Editor's Note: A weekly roundup from our friends over at TreeHugger. Enjoy!
Jimmy is a 26 year old chimpanzee who has spent several years alone in a cage, where he's on exhibit at a zoo in Niterói, Brazil, just outside of Rio de Janeiro. Just last week, animal protection groups filed a motion to have Jimmy released on grounds of Habeas Corpus, arguing that he is being denied his rights to freedom of movement and to a decent life, in Rio's Criminal Court.
The other night around 9.30 pm, I was walking up 14th st. and 6th Ave. when I passed a bunch of boxes next to the trash outside Urban Outfitters. The boxes were all marked "Broken" or "Broken Glass." With my suspicion that their definition of "broken" was different from mine—and with the H&M and Wal-Mart clothing destroying saga fresh in my mind—I pried one open. Inside were all manner of your typical Urban Outfitters ephemera—gag notepads, a disco ball, mugs, hipster tchotchkies, even an iPod speaker system. The stuff wasn't brand new—some of it, like the mugs, was damaged; most of it was just worn or rough around the edges, and totally usable.
Since the path has been cleared for the EPA to step into the breech and regulate CO2 as a pollutant, even if Congress doesn't think it a worthwhile thing, the possibility has been hanging out there as a trump card. Well, as recent statements by the American Farm Bureau Federation and recent revelations about who's lobbying for Sen. Murkowski's latest EPA hand-tying move show Big Ag and Dirty Energy don't like that possibility one bit.
Alternatives to the ascendant cap and trade method of setting a price on carbon and hopefully reducing greenhouse gas emission are slowly building. The California state Economic and Allocation Advisory Committee is reviewing the best way to allocate funds from a carbon mitigation plan set to begin in 2012 and are considering giving most of it straight back to the people—a cap-and-dividend program.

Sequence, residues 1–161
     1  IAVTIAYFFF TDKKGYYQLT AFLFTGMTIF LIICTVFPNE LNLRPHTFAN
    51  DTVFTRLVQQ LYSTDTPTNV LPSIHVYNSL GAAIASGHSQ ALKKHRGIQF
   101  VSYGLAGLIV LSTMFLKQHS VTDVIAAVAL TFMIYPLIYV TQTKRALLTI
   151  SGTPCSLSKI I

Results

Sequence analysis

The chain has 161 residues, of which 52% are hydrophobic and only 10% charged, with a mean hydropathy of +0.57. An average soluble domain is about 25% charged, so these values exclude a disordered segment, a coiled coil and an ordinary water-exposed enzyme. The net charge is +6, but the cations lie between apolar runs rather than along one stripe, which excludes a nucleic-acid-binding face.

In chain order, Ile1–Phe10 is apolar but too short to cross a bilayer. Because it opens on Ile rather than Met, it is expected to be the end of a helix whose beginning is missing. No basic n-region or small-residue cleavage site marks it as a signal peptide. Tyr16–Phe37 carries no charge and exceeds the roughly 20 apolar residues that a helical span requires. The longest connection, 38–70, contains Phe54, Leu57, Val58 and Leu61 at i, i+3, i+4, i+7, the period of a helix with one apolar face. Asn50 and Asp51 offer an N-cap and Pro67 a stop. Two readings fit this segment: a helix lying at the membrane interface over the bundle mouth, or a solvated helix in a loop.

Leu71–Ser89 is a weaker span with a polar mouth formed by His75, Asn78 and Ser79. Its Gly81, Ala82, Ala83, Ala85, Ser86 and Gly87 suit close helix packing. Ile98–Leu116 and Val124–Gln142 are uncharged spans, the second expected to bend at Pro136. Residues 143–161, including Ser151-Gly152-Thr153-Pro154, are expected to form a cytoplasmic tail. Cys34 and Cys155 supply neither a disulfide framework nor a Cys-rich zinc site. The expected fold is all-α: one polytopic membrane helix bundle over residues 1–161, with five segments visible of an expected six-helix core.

A changing climate in Venezuela resulting in loss of hydroelectric capacity could mean bad news for Florida—which has a high level of trade with the South American nation—as Venezuela may have to burn more of it's own oil production simply to meet its own demand for electricity. Of course, Chavez blames the lack of rain, and the resulting fall off in power output, on 'EL Nino' (none of that climate change talk from a major oil producer); but, the fact remains they are in deep trouble with continuing drought.
Who has not heard of the recall of Chinese-made toys and jewelry containing high levels of lead? Which US importers of Chinese-made charm bracelets and such, having learned a lesson the hard way, were simple minded enough to specify only that "no lead" be used in production instead of specifying "no heavy metals" or "no other highly toxic materials?" Several of them, apparently. The story is all over the news now: kids jewelry actually manufactured mostly out of the extremely toxic, elemental cadmium. Why are Chinese manufacturers doing this?